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Giants signing former All-Star in move that appears to fill out rotation [report]


Erik Williams-USA TODAY Sports


The Giants had a lot of work to do in the rotation this offseason, and they stretched it out as far as they could.

They started the downtime by bringing back Kevin Gausman with a qualifying offer and are reportedly finishing it Tuesday by bringing in former All-Star Aaron Sanchez, the eve of the first pitchers and catchers workout in Scottsdale. The deal, pending a physical, is for one year and worth a base $4 million with incentives that could bring it to $6.5 million, the Chronicle reported.

In between these moves, they added Anthony DeSclafani and Alex Wood, both high risk and high reward, and will bring back Johnny Cueto to round out the rotation. If everyone stays healthy through camp, Sanchez could bump Logan Webb from the group at least to start the season, or the Giants could stretch into a six-man rotation.

The 28-year-old Sanchez is a former first-round pick who was a 2016 All-Star, when he went 15-2 with an AL-best 3.00 ERA with Toronto. Blister and finger issues limited him to 36 innings in 2017, and he hasn’t approached his ’16 peak since.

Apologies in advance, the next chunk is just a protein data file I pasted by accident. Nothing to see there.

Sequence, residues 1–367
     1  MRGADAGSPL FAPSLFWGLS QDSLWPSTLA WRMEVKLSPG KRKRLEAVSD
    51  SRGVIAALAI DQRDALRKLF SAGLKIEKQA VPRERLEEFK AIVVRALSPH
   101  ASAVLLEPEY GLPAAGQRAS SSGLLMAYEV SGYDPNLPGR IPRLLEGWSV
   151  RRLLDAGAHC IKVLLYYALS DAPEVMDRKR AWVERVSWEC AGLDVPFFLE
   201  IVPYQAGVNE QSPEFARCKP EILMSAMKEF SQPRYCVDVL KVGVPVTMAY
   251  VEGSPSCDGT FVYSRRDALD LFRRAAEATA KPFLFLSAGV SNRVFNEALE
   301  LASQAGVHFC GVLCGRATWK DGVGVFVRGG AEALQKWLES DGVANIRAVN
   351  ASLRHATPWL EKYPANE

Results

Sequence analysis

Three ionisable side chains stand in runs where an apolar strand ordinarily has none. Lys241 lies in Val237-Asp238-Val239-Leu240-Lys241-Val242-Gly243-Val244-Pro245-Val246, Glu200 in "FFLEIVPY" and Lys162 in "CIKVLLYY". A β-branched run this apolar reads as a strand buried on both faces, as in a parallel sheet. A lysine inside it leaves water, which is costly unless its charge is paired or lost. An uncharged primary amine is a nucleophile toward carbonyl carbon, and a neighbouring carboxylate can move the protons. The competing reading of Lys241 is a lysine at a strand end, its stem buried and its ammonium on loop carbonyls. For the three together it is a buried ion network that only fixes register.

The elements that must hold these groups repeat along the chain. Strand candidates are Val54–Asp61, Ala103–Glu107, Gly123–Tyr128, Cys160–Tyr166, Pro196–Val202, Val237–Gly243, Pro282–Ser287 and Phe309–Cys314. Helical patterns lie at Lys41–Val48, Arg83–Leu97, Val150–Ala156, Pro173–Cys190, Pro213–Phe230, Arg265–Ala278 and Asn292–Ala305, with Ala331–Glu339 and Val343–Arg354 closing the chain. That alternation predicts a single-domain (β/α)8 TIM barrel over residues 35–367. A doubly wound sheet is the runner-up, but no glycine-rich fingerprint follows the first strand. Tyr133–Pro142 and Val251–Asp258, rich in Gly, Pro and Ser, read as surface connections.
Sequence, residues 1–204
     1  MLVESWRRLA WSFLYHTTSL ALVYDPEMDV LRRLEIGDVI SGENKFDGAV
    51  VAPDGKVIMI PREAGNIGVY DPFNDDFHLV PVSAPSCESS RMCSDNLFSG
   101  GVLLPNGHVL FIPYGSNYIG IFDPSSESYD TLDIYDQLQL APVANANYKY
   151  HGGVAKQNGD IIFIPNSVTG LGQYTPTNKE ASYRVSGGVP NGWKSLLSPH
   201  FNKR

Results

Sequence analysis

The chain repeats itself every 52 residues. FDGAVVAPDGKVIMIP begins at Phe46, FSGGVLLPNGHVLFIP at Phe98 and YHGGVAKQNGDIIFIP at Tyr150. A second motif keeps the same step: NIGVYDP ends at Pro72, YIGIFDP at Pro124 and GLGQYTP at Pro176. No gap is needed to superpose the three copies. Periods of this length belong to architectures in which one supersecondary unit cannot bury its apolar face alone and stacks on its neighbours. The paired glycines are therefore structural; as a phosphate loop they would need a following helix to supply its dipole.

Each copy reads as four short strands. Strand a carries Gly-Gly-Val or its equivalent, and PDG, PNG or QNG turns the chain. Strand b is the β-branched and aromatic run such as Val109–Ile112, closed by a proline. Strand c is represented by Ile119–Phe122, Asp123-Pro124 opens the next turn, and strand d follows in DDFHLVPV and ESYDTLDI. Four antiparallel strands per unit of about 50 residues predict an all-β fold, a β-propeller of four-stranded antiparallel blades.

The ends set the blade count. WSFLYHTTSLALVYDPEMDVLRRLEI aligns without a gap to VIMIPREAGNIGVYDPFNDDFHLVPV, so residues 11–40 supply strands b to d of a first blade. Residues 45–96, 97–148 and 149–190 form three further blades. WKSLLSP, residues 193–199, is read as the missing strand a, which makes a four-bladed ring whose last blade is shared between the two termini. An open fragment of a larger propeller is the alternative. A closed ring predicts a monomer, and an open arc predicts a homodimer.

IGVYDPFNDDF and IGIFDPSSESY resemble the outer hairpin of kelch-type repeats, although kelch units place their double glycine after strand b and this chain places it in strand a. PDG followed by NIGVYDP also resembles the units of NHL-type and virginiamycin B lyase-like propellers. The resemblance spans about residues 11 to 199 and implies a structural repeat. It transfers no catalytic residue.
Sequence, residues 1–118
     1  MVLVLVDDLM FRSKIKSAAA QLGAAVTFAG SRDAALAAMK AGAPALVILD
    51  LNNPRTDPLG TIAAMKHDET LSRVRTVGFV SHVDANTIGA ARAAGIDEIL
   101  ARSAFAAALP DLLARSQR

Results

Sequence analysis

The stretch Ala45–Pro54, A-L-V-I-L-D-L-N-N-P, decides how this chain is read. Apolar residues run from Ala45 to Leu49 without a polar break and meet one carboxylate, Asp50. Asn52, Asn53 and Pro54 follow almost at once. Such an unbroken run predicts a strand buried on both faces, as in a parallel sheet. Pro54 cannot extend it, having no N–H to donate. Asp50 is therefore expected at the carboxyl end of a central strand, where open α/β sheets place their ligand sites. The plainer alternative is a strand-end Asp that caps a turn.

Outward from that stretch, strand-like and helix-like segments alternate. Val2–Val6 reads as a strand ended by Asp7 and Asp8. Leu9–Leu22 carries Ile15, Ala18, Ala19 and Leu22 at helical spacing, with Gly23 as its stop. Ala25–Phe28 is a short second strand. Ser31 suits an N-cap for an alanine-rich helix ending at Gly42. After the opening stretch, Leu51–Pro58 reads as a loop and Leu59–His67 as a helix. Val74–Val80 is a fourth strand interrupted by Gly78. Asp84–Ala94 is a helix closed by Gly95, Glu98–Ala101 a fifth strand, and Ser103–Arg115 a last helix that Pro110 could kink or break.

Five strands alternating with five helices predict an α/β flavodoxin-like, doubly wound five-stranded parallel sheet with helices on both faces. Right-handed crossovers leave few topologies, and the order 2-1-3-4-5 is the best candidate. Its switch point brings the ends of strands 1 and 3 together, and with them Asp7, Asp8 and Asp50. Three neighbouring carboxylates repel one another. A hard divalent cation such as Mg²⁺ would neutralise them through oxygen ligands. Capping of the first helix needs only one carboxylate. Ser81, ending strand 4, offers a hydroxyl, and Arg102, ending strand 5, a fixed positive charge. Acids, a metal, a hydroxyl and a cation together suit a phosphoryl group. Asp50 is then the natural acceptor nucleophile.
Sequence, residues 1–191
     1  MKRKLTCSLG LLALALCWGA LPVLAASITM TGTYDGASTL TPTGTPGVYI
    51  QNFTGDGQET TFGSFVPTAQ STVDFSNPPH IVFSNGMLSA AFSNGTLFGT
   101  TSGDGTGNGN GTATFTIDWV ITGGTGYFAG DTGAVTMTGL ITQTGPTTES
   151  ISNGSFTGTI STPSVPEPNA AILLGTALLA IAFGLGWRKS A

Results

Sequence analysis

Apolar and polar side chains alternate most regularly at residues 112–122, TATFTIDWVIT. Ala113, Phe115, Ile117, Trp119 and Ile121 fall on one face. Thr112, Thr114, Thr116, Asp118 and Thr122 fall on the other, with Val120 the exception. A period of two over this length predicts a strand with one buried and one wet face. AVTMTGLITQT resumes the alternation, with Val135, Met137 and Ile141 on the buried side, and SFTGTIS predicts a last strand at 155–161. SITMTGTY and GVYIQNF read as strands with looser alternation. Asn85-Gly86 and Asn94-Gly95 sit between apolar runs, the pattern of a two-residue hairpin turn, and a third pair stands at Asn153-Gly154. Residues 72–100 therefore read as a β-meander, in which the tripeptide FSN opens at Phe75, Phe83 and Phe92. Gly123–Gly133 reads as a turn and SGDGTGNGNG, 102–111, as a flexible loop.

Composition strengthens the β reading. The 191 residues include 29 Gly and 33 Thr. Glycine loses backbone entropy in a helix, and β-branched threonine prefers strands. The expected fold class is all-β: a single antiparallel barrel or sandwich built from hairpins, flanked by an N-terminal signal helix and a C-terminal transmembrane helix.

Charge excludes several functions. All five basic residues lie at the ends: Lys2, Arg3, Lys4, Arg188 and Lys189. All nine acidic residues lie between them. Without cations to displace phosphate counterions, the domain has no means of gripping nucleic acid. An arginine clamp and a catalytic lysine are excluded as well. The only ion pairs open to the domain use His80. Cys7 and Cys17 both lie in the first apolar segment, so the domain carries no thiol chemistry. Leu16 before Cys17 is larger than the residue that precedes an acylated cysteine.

Sanchez struggled to a 4.89 ERA in 2018 and had a rough ’19 before getting traded to Houston, with whom he suffered a shoulder injury that required surgery and wiped out his 2020, too.

He recently threw at a showcase and apparently impressed the Giants enough for a major league pact. The Barstow native becomes an intriguing addition with high upside; his fastball averaged 97.1 mph in 2014 and he throws a curveball and changeup less frequently (though those usage rates will probably tick up with San Francisco’s pitching minds).

As recently as Friday, Gabe Kapler said Webb was “in the driver’s seat right now” for the No. 5 rotation spot. Unless the Giants plan to expand the seat, Webb is climbing to the back.

Of course, any pitcher who can chew up innings will be invaluable after a shortened season that saw every pitcher’s workload dramatically decreased. No club knows how much it can rely upon its rotation, and thus the Giants have wanted as many options as possible.

 

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